Daisy Dickenson spent her earliest years in foster care in China helping to raise pigs.
But five years after she was adopted by a Pasco couple, Daisy, 10, hasn’t forgotten her roots.
Last spring, she decided she wanted to raise pigs for her 4-H group, Simply Country.
Her dad, Jim Dickenson, jumped at the chance for a father-daughter project.
The Dickensons built a pig pen at their Franklin County home and bought two pigs. And this week, Daisy, showed Jimmy at the Benton Franklin Fair & Rodeo, which ends Saturday in Kennewick.
In a few weeks, Daisy will show her other pig, named for herself, in Connell.
Her appearance in the ring was the latest in a series of accomplishments for the Franklin STEM Elementary student who was abandoned as a toddler after she was born without a foot and a undersized hand.
Those challenges didn’t stop her from walking way with several ribbons for her handling of the 244-pound animal.
“The pig wasn’t really cooperating. It kept going into the fence,” she said, matter-of-factly describing how it dragged her off course.
After her initial nerves, Daisy said she had a good time and will keep raising animals.
Jim Dickenson, a Franklin County Sheriff’s deputy, said he’s learned that raising a pig is more difficult than he thought.
“I thought you got a pig and raised it and sold it,” he said.
But keeping Jimmy and Daisy-the-pig on track to hit the proper weight was challenging. Jimmy in particular was at the low end of the weight range, threatening his eligibility for the fair.
When they tried to fatten him up with cake batter and bread — recommended strategies — the plan backfired. The treats put him off his regular diet and his weight suffered.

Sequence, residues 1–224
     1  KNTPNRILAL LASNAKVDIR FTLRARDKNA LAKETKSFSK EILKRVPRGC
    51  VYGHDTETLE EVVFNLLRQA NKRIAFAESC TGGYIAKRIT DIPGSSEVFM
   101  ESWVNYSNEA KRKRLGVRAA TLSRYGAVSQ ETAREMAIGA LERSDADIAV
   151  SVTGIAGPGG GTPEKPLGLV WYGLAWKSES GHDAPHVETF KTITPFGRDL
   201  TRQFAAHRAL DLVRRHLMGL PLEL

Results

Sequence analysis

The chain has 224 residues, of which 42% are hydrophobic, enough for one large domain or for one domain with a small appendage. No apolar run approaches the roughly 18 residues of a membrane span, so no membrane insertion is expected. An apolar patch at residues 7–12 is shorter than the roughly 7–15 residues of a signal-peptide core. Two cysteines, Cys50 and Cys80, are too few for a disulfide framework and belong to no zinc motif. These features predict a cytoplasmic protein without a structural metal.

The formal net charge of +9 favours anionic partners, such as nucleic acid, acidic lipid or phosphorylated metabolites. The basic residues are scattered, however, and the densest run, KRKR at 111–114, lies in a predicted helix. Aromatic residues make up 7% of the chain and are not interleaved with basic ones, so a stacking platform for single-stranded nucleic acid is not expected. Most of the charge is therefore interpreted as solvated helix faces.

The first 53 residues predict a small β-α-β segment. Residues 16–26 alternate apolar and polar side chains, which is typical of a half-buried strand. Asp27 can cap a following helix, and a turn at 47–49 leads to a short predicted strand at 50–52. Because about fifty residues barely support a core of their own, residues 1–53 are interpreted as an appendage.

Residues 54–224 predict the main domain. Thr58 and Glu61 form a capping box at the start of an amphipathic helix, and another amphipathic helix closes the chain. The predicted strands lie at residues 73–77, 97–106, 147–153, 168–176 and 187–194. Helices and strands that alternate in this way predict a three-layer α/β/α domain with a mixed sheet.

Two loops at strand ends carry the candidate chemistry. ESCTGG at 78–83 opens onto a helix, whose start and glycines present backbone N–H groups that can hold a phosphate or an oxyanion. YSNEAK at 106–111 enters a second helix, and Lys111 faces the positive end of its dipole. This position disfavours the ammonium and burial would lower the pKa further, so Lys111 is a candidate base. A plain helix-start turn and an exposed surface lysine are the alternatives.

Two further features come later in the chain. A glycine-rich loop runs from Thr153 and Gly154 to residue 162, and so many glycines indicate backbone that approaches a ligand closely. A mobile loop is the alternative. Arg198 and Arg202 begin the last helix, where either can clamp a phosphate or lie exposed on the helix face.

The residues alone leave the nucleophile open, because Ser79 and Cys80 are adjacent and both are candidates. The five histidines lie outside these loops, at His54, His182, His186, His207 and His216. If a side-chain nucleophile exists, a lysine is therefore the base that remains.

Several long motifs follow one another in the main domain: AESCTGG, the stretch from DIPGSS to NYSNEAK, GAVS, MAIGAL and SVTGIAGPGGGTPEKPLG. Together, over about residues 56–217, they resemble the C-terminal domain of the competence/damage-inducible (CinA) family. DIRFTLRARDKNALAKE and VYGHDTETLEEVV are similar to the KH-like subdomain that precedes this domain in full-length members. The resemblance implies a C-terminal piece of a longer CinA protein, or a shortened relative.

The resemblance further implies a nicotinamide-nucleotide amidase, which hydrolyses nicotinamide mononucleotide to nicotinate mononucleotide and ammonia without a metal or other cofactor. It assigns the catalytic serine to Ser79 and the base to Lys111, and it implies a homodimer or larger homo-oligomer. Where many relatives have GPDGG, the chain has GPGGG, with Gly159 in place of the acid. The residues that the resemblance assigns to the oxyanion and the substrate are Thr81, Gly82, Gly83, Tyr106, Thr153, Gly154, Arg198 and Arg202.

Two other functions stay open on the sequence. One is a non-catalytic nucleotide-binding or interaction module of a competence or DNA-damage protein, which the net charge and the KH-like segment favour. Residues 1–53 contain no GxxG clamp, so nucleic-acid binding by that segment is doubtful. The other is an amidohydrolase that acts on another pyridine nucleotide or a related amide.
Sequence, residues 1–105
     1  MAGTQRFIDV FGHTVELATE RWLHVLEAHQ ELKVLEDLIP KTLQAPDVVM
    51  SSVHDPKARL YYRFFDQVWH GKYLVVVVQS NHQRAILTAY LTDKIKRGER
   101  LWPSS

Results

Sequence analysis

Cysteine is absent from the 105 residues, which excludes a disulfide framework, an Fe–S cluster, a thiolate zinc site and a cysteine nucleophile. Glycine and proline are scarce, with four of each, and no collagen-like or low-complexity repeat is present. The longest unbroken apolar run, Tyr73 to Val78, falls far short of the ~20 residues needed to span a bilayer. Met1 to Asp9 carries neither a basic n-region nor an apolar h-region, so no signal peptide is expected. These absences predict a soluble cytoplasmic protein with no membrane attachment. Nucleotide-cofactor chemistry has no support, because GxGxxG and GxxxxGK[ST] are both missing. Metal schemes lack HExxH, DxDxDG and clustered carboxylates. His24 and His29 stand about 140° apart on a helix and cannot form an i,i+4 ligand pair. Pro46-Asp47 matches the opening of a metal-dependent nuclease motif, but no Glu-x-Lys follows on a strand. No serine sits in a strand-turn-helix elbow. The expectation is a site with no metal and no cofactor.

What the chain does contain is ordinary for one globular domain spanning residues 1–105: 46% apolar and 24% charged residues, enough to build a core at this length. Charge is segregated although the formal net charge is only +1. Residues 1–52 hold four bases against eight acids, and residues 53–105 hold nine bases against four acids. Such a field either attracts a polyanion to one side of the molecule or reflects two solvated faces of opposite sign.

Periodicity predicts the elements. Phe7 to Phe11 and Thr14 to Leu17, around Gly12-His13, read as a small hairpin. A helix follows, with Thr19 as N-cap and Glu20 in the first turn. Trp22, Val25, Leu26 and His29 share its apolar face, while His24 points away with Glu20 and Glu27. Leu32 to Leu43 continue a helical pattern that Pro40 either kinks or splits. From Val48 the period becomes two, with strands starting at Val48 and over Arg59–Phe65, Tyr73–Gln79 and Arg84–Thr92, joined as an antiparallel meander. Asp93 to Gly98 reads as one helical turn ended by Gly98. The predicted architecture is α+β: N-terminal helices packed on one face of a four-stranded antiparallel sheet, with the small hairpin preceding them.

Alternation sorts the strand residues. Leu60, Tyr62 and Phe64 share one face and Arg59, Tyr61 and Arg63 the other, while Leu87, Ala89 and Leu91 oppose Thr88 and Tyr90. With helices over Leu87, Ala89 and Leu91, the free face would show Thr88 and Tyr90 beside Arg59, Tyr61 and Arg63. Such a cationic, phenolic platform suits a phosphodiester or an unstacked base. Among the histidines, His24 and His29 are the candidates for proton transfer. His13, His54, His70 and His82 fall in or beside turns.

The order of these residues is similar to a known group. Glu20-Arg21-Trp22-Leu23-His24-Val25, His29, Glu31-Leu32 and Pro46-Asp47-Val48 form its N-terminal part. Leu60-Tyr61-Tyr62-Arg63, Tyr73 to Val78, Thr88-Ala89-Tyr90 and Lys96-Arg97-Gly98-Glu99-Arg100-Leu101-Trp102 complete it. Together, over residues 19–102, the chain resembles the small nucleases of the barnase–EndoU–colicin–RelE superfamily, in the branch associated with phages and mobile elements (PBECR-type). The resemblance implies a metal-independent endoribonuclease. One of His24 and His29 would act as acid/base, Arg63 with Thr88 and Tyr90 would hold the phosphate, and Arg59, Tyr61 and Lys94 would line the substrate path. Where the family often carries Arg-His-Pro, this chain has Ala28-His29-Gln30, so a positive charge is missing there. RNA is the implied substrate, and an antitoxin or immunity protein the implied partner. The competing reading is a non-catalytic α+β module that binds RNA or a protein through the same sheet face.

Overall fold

“It’s complicated,” Jim Dickenson said.
Daisy took a final turn with Jimmy on Friday morning during the Market Stock Auction, when market animals are sold and the students who raised them collect their earnings.
Daisy admits she was a bit sad to see Jimmy head off to the slaughterhouse, but she was as matter-of-fact about his fate as she was his appearance in the ring.
Her earnings will go into her college account to help fulfill her dream of becoming a pediatrician so she can help other kids with special needs.
Terri and Jim Dickenson have three biological children and had a long-time dream of adopting when they registered with an adoption agency in Texas that focuses on Chinese children with special needs. Terri Dickenson said she’s dreamed of adopting children from her own youth, growing up seeing the need for families for Vietnamese orphans.
The couple adopted daughter Alyssa, now 13, and then saw Daisy’s smiling face on the adoption site. It was love at first sight, even if it took more than a year to complete the adoption and bring her home.
Daisy thrived, picking up English in six months and adapting to a prosthetic foot that allow her to move naturally. These days she’s involved in baseball and softball and is interested in basketball and volleyball. She tried soccer, but, “I hated it,” she said.